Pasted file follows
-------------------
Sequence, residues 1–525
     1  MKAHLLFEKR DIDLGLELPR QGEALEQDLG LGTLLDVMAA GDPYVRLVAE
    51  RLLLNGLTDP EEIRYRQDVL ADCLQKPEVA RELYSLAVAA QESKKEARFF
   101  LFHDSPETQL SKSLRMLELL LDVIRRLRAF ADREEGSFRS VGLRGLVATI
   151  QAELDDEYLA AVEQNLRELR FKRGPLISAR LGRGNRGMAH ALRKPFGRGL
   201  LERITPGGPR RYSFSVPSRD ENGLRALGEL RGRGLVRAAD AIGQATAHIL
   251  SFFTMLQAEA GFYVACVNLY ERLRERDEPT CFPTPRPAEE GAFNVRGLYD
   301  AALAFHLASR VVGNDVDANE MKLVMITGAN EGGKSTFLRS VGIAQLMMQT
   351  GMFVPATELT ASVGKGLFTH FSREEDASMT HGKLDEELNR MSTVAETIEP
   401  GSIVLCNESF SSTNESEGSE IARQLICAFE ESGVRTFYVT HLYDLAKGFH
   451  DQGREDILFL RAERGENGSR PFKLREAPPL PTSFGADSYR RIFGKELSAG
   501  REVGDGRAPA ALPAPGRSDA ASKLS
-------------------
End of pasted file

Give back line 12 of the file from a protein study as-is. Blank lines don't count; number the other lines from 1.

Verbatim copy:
   501  REVGDGRAPA ALPAPGRSDA ASKLS